The arrest of a slip on steep hard snow (following the failure of a self belay), should be instantaneous, before speed can quickly build. However, an arrest to control a sitting glissade usually is initiated when the slide is already attaining a high speed.

The speed of a slide on steep hard snow can accelerate very quickly to near the speed of a free fall off a cliff. The speed of a slide is slowed only by the friction of the climber's clothing and gear and any self arrest efforts. Self arrest efforts from hands or ice axe are often impossible at the high speed of a slide on steep hard snow. The climber may become airborne. Efforts to stop by using booted feet may result in broken bones and dislocations as the leg is violently compressed to the chest. Catching a boot or a crampon can result in the climber becoming injured, airborne and tumbling "like a Raggedy Ann doll".

Clearly, hitting rock or ice obstructions during a slide at sixty or seventy miles per hour is very damaging.

“Beyond Risk, Conversations with Climbers”, edited by Nicholas O'Connell, makes the case that Risk is an integral part of mountaineering.

Report submitted by Robert Speik to the American Alpine Club on June 8, 2005 and published on pages 35 and 36 of Accidents in North American Mountaineering, 2006.

Note: In the mid 1980s, Robert Speik was Chair for three years of the Mountaineering Training Committee (MTC) of the Sierra Club's large Angeles Chapter in Southern California. The Committee was responsible for the training up to 1,000 people per year in Basic and Advanced Mountaineering Training with more than 250 volunteer Leaders in five geographical areas, qualified in several levels of technical competence and responsibility. Bob Speik edited a new MTC Staff Handbook in 1985, writing the chapter on technical Snow Climbing. Recently, he has conducted class room and field classes in several mountaineering subjects for Central Oregon Community College in Bend Oregon. He is the author of the non-profit website   --Margaret Thompson Speik


The rest of the story!

Mountaineer on the mend
Southern Sierran
R.J. Secor is hiking again after Mt. Baldy accident
By Ginny Heringer
January 2006

Mountain climber and author R.J. Secor is famous for his classic guide book, The High Sierra: Peaks, Passes, and Trails; his climbing guides for Aconcagua, Denali, and the volcanoes of Mexico; and internationally for his mountaineering exploits around the world.

Now he can add another remarkable achievement: his recovery from an uncontrolled slide 1,200 feet down Baldy Bowl on April 16, 2005.

Secor doesn’t remember much about that day. He knows that he drove to Mt. Baldy and hiked up to the Sierra Club’s Ski Hut and then hiked up the bowl toward the summit. He spoke to people who remember him there, but he has no memory of leaving the summit. Skiers, snowboarders, and other mountaineers were at the bowl that day, taking advantage of a favorite local slope to practice their skills.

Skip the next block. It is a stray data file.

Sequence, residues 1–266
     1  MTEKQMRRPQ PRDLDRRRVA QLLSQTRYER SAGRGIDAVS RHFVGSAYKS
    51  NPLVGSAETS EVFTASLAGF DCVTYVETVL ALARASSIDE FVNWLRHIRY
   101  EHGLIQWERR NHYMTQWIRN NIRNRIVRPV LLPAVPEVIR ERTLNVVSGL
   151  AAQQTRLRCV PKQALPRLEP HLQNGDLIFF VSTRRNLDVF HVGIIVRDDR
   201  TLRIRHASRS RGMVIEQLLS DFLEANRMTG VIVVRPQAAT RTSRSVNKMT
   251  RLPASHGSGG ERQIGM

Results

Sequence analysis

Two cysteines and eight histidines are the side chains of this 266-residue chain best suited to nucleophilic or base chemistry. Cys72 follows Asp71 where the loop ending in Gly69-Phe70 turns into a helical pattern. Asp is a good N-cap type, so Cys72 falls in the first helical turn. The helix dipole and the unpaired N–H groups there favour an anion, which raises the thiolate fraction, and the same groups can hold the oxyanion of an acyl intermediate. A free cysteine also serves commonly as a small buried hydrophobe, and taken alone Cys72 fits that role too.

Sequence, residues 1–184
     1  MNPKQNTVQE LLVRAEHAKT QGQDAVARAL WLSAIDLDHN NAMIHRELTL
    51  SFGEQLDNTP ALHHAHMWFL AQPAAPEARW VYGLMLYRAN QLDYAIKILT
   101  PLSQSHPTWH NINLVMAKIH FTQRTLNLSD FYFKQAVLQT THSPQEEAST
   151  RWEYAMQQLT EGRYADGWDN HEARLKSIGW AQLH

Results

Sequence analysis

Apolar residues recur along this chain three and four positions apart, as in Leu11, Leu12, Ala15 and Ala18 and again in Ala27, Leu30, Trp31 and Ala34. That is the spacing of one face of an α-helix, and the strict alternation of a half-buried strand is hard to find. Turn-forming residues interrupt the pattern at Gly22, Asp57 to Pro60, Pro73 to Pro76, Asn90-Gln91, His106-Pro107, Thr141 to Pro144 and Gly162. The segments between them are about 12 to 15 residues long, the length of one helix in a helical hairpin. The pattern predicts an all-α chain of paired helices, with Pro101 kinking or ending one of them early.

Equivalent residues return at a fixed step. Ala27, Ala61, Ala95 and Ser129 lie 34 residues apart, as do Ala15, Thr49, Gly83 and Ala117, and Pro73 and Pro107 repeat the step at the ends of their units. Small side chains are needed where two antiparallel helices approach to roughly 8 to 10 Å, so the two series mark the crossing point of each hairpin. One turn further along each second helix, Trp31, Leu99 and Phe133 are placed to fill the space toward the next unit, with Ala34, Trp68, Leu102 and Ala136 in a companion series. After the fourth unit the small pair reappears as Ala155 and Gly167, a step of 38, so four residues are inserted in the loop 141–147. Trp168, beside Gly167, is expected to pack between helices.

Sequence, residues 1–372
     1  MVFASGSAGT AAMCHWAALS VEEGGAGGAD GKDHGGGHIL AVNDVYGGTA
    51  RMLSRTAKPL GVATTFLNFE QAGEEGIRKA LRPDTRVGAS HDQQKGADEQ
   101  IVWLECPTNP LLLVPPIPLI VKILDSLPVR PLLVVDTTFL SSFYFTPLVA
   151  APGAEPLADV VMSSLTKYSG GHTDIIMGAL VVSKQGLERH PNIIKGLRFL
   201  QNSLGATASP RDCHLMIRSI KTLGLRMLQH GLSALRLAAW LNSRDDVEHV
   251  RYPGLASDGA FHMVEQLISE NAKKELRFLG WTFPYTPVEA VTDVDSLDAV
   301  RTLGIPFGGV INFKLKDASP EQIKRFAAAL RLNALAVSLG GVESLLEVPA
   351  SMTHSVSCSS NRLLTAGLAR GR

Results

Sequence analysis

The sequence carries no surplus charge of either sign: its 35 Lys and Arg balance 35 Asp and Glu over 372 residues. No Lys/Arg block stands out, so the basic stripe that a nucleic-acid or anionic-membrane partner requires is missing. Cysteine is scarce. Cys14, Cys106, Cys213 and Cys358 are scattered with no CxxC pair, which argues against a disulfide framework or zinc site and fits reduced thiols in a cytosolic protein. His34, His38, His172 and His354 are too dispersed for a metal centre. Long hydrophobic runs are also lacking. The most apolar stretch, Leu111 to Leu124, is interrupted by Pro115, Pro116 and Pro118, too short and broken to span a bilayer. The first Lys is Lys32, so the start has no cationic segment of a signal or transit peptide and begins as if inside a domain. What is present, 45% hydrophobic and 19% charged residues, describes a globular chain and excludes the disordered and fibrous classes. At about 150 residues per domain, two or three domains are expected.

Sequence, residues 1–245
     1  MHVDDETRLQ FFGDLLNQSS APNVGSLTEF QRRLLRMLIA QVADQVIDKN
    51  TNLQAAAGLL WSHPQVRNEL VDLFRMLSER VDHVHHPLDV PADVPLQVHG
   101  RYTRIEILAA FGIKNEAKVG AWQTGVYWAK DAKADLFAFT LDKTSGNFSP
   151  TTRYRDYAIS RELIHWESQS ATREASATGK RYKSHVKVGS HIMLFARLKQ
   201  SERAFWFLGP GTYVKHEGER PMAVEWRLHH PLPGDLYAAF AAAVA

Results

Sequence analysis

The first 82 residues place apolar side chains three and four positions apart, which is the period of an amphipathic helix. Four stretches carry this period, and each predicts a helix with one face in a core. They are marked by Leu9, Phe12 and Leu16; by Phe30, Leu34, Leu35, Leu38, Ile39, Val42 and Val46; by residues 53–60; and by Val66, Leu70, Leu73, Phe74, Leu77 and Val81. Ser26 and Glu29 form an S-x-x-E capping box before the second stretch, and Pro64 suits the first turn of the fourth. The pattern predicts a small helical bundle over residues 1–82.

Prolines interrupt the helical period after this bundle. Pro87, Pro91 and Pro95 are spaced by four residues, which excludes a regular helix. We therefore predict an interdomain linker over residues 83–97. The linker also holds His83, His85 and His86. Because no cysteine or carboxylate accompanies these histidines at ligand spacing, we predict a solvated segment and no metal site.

Witnesses saw Secor don glissading pants, start down the slope in the classic sitting glissade position, and then lose control of his speed. He was not wearing a helmet. Using his ice ax, he tried to self-arrest but was unable to slow down. He hit some rocks and rolled to the bottom, ending his slide close to the ski hut where he was treated immediately by ski patrollers and a trauma nurse who luckily were on site.

He was still conscious and speaking on the helicopter ride to a local hospital and then ambulance ride to Kaiser Permanente Medical Center in Hollywood. He was found to have a broken shoulder blade, broken ribs, and skull fractures, and spent months in the intensive care unit, fighting episodes of low blood pressure and pneumonia.

Friends who visited Secor in those first weeks were shocked to see him weak and thin, heavily sedated, on a ventilator to reduce the pressure on his brain, and unable to speak or recognize them.

But he remained in stable condition and needed no operations. Slowly he began to recover. Friends put up posters of his favorite mountains on the walls—Mt. Whitney, Aconcagua. He remembers “waking up” in Kaiser’s Northridge hospital in the summer, spending a few weeks in a nursing facility for physical rehabilitation, and finally returning to his home in Pasadena at the end of August.

Secor, 49, began his first walks around the block, but kept looking from his house up toward the Mt. Wilson Toll Road to Henninger Flats in the Angeles National Forest, a hike he has done more than 2,000 times. Now he is hiking the road again, four miles round-trip with a 1,200 foot elevation gain.

Secor has his driver’s license again, and is working on the third edition of his High Sierra guidebook. He plans to return to the Mt. Baldy Ski Hut this winter, where he expects to be the hut host the first weekend of March. He welcomes visitors to hike up to see him there